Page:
- Ukraine’s government declared martial law and urged people to stay at home as the onslaught continues.
- Russia insisted in the early hours of Thursday that it was targeting military installations and avoiding populated areas, but Ukraine said there had been hundreds of casualties.
- Joe Biden was speaking to Ukraine’s president in the early hours of Thursday, having earlier through his UN ambassador voiced his strong continued support for the country.
Vladimir Putin is pictured in the early hours of Thursday morning declaring war on Ukraine, in what he termed a ‘special military operation’
President Joe Biden, pictured on Wednesday, condemned Putin’s invasion of Ukraine
Footage shared on social media from Odessa appeared to show an amphibious assault
Biden announced he will join G7 counterparts on Thursday morning, and will address the country later on Thursday to ‘announce the further consequences the United States and its Allies and partners will impose on Russia.’
‘We will also coordinate with our NATO Allies to ensure a strong, united response that deters any aggression against the Alliance. Tonight, Jill and I are praying for the brave and proud people of Ukraine,’ the statement added.
Boris Johnson, the British prime minister, tweeted early on Thursday: ‘I am appalled by the horrific events in Ukraine and I have spoken to President Zelenskyy to discuss next steps. President Putin has chosen a path of bloodshed and destruction by launching this unprovoked attack on Ukraine.
‘The UK and our allies will respond decisively.’
Metadata of Putin’s declaration of war video shows it was recorded on Monday evening, but only broadcast early Thursday.
At the time, some Russian officials were denying any intention to invade.
The Russian armed forces are not inflicting any missile, air or artillery strikes on the cities of Ukraine, the Ministry of Defense in Moscow told RIA Novosti.
Military infrastructure, air defense facilities, military airfields and aviation of the Ukrainian army were being disabled by high-precision weapons, they said.
Nothing threatens the civilian population of Ukraine, they claimed.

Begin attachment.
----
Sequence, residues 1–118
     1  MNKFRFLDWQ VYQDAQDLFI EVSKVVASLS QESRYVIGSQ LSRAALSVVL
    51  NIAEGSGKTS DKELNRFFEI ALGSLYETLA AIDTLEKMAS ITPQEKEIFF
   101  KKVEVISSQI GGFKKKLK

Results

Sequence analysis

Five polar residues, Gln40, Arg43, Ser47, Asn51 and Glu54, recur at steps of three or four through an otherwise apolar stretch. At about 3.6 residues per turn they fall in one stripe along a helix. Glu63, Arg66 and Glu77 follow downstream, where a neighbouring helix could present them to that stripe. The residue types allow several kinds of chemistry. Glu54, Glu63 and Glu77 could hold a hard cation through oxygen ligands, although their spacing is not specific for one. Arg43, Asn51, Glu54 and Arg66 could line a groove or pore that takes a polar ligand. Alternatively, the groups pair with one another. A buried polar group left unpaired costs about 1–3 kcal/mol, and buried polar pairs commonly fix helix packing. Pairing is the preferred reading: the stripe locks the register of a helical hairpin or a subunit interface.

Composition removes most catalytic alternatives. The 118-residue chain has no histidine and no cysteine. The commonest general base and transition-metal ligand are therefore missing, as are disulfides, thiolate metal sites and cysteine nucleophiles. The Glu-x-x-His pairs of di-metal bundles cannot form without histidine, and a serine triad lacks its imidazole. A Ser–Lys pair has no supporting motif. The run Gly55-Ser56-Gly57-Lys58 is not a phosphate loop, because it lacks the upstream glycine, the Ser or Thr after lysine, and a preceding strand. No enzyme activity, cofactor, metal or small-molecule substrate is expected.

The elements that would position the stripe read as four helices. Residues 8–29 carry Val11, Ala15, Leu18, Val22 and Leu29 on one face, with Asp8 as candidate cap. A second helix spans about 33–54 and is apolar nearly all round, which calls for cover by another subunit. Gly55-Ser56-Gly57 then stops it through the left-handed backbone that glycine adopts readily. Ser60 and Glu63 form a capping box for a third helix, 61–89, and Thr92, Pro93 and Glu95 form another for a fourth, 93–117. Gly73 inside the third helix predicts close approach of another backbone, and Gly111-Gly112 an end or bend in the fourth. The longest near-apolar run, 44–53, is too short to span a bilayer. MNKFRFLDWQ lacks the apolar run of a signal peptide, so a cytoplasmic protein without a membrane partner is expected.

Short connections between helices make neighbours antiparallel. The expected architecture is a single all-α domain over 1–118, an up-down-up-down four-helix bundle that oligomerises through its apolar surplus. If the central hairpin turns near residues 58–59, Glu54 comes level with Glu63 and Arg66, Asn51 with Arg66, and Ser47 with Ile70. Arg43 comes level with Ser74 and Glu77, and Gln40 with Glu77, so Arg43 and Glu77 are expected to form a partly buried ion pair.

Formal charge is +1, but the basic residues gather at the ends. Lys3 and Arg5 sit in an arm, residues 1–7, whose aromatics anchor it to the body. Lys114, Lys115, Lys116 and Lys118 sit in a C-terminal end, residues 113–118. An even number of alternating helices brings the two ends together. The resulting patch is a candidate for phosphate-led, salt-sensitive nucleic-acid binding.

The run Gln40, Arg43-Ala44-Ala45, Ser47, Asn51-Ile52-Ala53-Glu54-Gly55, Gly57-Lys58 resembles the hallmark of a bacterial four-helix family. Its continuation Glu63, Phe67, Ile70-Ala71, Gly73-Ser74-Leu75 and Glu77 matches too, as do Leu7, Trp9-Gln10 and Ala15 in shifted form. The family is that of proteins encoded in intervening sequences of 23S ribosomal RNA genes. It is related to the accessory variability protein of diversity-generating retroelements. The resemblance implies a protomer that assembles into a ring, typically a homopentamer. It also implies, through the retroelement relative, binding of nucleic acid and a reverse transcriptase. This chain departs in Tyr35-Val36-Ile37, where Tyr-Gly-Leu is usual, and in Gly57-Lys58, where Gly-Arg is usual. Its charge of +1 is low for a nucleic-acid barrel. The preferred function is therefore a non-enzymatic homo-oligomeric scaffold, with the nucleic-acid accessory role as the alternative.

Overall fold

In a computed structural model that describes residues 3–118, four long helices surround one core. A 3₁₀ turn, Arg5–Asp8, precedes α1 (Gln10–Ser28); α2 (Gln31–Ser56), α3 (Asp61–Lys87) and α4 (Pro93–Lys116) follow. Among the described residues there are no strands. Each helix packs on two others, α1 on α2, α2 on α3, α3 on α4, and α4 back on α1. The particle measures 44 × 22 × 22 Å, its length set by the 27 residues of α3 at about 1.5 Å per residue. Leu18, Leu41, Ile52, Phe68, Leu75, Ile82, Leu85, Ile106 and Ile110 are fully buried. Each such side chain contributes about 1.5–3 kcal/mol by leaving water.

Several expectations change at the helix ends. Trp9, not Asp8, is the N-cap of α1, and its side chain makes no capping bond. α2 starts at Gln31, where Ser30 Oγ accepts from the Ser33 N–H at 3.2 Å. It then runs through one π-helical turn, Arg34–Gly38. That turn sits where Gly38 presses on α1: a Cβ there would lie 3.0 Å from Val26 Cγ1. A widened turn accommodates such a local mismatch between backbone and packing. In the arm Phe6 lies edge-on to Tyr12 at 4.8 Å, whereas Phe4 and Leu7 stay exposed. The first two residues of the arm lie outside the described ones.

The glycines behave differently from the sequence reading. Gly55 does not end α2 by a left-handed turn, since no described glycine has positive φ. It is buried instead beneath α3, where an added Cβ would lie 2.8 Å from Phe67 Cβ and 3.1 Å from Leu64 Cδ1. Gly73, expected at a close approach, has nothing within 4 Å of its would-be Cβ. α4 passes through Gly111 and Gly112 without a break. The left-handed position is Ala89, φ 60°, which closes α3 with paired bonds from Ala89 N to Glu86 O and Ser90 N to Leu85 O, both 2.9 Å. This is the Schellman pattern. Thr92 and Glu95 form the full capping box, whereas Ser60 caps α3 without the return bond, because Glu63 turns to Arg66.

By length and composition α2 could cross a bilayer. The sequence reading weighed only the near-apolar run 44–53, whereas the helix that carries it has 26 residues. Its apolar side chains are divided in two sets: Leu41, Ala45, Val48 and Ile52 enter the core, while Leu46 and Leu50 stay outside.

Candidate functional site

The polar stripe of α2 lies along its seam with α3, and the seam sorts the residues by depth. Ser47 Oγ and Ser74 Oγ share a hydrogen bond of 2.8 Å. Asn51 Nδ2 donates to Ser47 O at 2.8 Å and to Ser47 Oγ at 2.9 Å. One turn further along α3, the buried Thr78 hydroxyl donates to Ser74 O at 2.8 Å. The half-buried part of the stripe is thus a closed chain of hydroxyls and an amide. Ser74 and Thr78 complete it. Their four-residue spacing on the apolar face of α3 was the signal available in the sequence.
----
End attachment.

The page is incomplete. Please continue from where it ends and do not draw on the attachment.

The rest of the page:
All flights cancelled at Russian airports in Krasnodar, Sochi, and Anapa, close to the Black Sea.
Rostov also reported cancelled flights.
Within minutes of Putin’s public address, explosions could be heard in the capital city of Kiev as well as the city of Kramatorsk in central Ukraine, and Odessa in the south.
Across Ukraine, cruise and ballistic missiles were destroying military infrastructure and strategically important facilities, according to unofficial Russian sources.
A CNN reporter in the Ukrainian capital Kiev reporting hearing blasts in the early hours of Thursday morning
Mariupol, on the Black Sea 50 miles from the Russian border, appeared to be under fierce attack. Taking this strategic location would give the Donbas republics access to the sea.
The moment Ukraine and the rest of Europe had dreaded for months finally came shortly after 4.35am local time when huge explosions were heard in Kiev and other cities across the country.
Terrified citizens rushed to bomb shelters, though no air raid warnings sounded in the capital – only the frequent muffled crump of missile or air strikes breaking through the pre-dawn stillness.
In Kiev, people were sheltering in basements as the sounds of distant explosions became a constant backdrop.
Within an hour Russians special force and airborne troops were reported to be on the ground at Kiev’s Boryspil Airport, amid fierce fighting.